Ending filibuster bad for America. Plus: Biden gets a pass Trump didn't. Baldwin hypocrisy.

By Gary Abernathy

Ending filibuster good for Dems, disastrous for America

Many Democrats are urging President Biden to support an end the Senate filibuster, with the goal of pushing through numerous controversial issues with only majority votes rather than the 60 votes currently needed under filibuster rules.

With a 50-50 Senate, 60 votes currently means that all Democrats and 10 Republicans must vote for bills being filibustered to pass the Senate, although there are exceptions for budget-related bills under “reconciliation” rules. Under a majority-only system, 50 united Democrats plus Vice President Kamala Harris as the tiebreaker could theoretically fast track legislation, although in practice it wouldn’t be that easy with a couple of moderate to conservative Democrats in the Senate.

The Washington Post reports, “Liberals have long pushed for sweeping changes like expanding the Supreme Court, ending the electoral college and banning gerrymandering. But as Biden faces a critical stretch of his presidency, even moderate Democrats are urging more immediate changes — particularly rewriting the filibuster, so that at the very least fewer bills need 60 votes to pass the Senate.”

Between the House and Senate, the Senate has always served in the role as the more moderate branch of Congress. Every year, numerous bills pass the House but die in the Senate, where a deliberative, go-slow approach is meant to ensure that proposals are well thought out and, ideally, draw bipartisan support. But in our increasingly polarized political environment, bipartisanship is nearly dormant. Both parties have passed bills with only, or nearly only, one party support in recent years.

Both parties are guilty of extreme partisanship, which has stymied progress. But ending the filibuster would be a momentous decision with long-lasting consequences for both parties in the coming years. It would make the Senate much less responsible and deliberative. It would be an unfortunate development for the branch of Congress that is intended to be the adult in the room, and where the filibuster is designed to almost demand bipartisan support.

Different standards covering Biden versus Trump

As noted here yesterday, President Biden referred to governors who are ending mask mandates as engaging in “Neanderthal thinking.” He is apparently taking some heat for that comment, but it’s interesting to see the pass he’s getting, compared to when President Trump would say things considered rude or insulting.

Press secretary Jen Psaki said Biden’s comment was “a reflection of his frustration and exasperation,” according to USA Today, which also quoted Democratic strategist Isaac Baker as saying Biden’s comments were a “visceral gut reaction.”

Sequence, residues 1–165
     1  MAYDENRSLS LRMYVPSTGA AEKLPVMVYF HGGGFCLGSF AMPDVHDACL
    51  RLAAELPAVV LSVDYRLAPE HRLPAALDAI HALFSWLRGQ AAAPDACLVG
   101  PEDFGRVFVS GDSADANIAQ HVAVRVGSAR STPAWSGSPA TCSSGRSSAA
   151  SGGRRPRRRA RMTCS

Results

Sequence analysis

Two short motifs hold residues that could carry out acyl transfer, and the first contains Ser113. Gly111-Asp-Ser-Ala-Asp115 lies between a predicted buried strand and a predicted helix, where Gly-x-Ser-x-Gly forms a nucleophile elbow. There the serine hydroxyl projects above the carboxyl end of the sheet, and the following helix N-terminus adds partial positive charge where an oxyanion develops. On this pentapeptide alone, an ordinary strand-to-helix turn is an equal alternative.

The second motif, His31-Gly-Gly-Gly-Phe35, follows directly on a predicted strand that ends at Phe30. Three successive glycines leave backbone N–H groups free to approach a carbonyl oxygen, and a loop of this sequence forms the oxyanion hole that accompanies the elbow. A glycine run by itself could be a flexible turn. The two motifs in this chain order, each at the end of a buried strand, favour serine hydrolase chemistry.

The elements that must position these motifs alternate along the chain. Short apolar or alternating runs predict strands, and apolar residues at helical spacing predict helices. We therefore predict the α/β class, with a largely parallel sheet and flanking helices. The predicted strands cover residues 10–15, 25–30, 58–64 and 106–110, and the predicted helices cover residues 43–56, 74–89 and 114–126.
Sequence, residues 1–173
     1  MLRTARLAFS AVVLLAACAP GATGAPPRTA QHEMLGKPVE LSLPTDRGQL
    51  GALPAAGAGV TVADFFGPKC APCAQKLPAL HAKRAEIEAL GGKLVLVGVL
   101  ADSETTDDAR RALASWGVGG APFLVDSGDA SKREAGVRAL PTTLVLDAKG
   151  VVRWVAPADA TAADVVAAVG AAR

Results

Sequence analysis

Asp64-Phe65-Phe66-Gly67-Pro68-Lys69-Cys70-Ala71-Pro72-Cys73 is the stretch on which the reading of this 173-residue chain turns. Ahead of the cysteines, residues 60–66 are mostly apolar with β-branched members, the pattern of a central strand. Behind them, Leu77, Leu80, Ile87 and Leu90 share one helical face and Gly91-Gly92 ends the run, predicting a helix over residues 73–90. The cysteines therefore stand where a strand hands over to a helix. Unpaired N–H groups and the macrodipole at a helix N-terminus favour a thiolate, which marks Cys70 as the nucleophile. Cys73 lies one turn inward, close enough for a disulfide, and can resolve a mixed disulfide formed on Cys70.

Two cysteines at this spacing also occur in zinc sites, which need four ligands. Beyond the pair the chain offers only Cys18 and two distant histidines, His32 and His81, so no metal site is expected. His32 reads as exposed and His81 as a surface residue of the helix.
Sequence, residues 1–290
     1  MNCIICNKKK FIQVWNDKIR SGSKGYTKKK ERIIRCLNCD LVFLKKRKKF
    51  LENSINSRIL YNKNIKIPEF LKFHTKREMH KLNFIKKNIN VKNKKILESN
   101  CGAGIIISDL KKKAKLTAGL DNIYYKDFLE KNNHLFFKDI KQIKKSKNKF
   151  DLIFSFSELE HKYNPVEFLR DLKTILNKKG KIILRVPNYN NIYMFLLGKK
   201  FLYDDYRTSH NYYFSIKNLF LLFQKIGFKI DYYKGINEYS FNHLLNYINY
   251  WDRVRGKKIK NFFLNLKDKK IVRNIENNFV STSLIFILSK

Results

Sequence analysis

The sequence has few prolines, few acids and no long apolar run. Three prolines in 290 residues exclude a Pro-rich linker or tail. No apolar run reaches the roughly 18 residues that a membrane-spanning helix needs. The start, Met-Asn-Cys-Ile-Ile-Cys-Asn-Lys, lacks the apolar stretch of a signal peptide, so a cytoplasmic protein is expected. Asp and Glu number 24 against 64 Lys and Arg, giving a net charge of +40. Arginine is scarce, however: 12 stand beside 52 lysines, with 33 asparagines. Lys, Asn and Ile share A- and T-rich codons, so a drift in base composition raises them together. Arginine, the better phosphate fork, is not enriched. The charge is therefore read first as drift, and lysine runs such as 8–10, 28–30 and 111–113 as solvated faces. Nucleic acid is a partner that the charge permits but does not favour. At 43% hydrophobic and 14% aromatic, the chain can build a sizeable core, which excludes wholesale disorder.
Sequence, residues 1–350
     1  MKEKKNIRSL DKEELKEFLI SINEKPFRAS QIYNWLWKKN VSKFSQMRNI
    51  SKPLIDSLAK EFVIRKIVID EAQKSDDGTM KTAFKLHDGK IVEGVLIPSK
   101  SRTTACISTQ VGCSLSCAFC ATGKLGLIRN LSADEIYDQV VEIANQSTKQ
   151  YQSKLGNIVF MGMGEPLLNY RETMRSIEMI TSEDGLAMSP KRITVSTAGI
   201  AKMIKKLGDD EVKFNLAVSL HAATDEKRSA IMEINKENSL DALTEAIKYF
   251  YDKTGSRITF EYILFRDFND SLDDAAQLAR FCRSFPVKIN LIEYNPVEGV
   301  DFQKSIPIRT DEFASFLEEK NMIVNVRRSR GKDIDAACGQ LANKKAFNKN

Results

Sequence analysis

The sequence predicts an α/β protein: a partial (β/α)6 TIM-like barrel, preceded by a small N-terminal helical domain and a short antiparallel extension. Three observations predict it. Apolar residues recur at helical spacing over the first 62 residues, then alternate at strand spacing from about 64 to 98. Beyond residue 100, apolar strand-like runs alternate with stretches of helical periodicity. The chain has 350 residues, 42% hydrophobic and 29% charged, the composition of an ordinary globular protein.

When Trump used insulting language, he was a bully, not to mention racist, sexist, anti-Semite, you name it. Biden is “frustrated,” and most in the media will accept that. It’s an example of how differently these presidents will be treated.

Along those lines, someone showed me a meme a couple of days ago that said, “Gas prices are up 30 cents a gallon, but at least the president doesn’t send mean tweets.” Yes, there’s that.

Alec Baldwin complains that U.S. is ‘unpleasant.’ Seriously?

Actor Alec Baldwin has reportedly deactivated his Twitter account after taking some heat for a joke he made about actress Gillian Anderson switching between an American and British accent.

But the ironic part of the story is Baldwin’s statement when asked about it. He said,

"Of course you can't do any irony on Twitter. You can't do any irony in the United States anymore, because the United States is such an uptight, stressed-out place and unpleasant place right now."

Has anyone contributed to the country being an “unpleasant place” any more than Baldwin, through his hateful portrayals of President Trump on Saturday Night Live and his rude and hateful comments about Republicans, such as those reflected by this USA Today story from October 2018, and many other examples. Of course, his infamous 2007 voicemail to his daughter, who was 11, was revealing. Entire lists have been compiled of Baldwin’s public rants over the years.

 But even giving Baldwin the benefit of the doubt that, hey, anyone can have bad days, it’s hypocritical of him to complain about America being “an uptight, stressed-out place and unpleasant place right now.” Baldwin has long been a leading contributor to that end result.

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